More than half of respondents (52.7 percent) said that in addition to being a Jewish state, the legislation should recognize Israel is also "a democracy with equal rights to all citizens of the state." About one fifth of the public (22.4%) were against adding this sentence to the law, while 25% didn't have a clear position on the matter.
The survey also showed that 61% of the Jewish public in Israel believe the state's democratic identity should be in line with its Jewish identity.
Furthermore, according to the poll, 75.2% of the Jewish public thinks civil equality should be enshrined in Basic Law; 42.6% think this must be done under the existing Nation-State Law, and that the legislation should be amended to that end, while 32.6% believe civil equality should be enshrined in separate legislation. Only 10% of the public did not think civil equality should be enshrined in law.
Forty percent of respondents said civil equality under the Basic-State Law should apply to all minorities in the state and not just a specific minority, such as the Druze community, which is leading the charge to amend the law.
Only 13% of respondents believe the Nation-State Law does not need to be amended.
The poll, which was conducted by Mano Geva and Dr. Mina Tzemach of the Midgam Institute in conjunction with iPanel, surveyed 509 people over the age of 18, who constitute a representative sample of the adult Jewish population in Israel.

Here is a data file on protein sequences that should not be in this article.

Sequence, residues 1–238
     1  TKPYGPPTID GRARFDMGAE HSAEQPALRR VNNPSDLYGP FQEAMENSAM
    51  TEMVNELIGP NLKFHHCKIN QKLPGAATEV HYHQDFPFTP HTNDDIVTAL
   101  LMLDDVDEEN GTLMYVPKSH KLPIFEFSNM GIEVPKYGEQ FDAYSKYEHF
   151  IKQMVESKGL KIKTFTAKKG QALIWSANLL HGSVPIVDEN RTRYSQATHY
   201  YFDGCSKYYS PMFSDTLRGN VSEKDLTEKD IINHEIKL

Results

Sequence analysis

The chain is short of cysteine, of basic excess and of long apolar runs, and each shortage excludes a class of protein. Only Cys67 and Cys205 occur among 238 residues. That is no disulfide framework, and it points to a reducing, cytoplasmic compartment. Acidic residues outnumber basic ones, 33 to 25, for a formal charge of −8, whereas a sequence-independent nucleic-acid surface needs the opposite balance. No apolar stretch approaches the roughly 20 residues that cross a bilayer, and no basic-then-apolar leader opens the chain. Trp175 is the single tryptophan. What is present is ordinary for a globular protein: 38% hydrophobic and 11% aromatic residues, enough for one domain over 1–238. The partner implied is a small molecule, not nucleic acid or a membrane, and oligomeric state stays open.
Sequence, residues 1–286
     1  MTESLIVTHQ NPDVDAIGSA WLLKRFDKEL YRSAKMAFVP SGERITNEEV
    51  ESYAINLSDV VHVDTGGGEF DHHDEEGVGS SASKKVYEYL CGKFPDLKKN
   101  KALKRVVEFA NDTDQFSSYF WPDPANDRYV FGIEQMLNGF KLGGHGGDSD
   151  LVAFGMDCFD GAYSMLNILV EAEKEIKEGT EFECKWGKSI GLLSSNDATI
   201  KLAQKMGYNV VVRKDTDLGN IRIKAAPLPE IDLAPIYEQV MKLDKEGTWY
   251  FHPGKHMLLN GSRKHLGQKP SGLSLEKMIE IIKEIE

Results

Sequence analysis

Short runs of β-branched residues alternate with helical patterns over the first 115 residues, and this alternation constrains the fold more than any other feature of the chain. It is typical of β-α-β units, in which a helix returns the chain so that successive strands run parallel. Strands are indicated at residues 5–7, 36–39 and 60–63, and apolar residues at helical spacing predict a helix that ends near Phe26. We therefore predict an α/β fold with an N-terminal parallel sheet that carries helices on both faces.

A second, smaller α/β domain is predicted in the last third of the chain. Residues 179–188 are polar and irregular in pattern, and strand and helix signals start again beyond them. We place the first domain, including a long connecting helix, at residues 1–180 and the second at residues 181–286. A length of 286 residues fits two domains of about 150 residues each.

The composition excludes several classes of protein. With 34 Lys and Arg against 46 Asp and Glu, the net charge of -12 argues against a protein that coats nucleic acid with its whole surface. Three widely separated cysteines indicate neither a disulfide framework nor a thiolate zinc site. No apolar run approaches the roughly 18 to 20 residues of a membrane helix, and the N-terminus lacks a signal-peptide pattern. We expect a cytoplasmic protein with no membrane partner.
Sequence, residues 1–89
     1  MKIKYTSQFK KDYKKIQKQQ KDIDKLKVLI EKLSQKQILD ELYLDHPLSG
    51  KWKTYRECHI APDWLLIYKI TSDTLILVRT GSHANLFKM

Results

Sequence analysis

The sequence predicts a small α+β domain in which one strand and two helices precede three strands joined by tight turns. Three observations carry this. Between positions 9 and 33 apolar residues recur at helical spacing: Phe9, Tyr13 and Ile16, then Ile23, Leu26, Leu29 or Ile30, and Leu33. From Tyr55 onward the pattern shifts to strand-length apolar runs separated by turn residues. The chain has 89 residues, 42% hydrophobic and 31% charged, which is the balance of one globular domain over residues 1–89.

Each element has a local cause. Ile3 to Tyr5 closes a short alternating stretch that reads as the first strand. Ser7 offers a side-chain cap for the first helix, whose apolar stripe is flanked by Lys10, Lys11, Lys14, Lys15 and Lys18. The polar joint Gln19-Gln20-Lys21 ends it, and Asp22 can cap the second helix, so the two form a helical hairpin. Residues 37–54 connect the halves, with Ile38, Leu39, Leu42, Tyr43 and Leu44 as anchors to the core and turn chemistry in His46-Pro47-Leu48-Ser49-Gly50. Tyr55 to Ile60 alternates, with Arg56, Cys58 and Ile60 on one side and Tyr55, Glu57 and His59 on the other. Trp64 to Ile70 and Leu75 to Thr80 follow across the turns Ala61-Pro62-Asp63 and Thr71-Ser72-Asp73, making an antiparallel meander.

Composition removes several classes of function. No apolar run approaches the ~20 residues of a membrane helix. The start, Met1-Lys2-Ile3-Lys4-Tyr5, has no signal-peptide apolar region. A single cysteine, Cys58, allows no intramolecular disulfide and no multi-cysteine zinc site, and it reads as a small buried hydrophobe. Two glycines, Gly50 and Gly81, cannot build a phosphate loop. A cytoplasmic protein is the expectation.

Brig. Gen. (res). Amal Asad, one of the heads of the campaign to amend the Nation-State Law, said the poll shows that "the Jewish public in Israel also understands the importance of amending the law and the need to safeguard the state's democratic character alongside its Jewish identity.
"As we've said repeatedly before: we do not oppose the Nation-State Law, and we are in favor of defining the state as the nation state of the Jewish people. However, alongside that we must also enshrine civil equality for all citizens in the state, in the spirit of the Declaration of Independence."
Activists from the campaign have been approaching party leaders and other prominent Knesset candidates, demanding them to commit to amend the legislation immediately after the April 9 elections.
The campaign's activists held protests outside Prime Minister Benjamin Netanyahu's Caesarea home and met with Finance Minister Moshe Kahlon and Justice Minister Ayelet Shaked to discuss the matter.
The protesters received statements of support from Israel Resilience Party leader and former IDF chief Benny Gantz, Yesh Atid leader Yair Lapid, Labor Party leader Avi Gabbay, Gesher Party leader Orly Levy-Abekasis, Hatnua Party leader Tzipi Livni, Telem Party leader Moshe Ya'alon and Achi Israeli Party head Adina Bar-Shalom.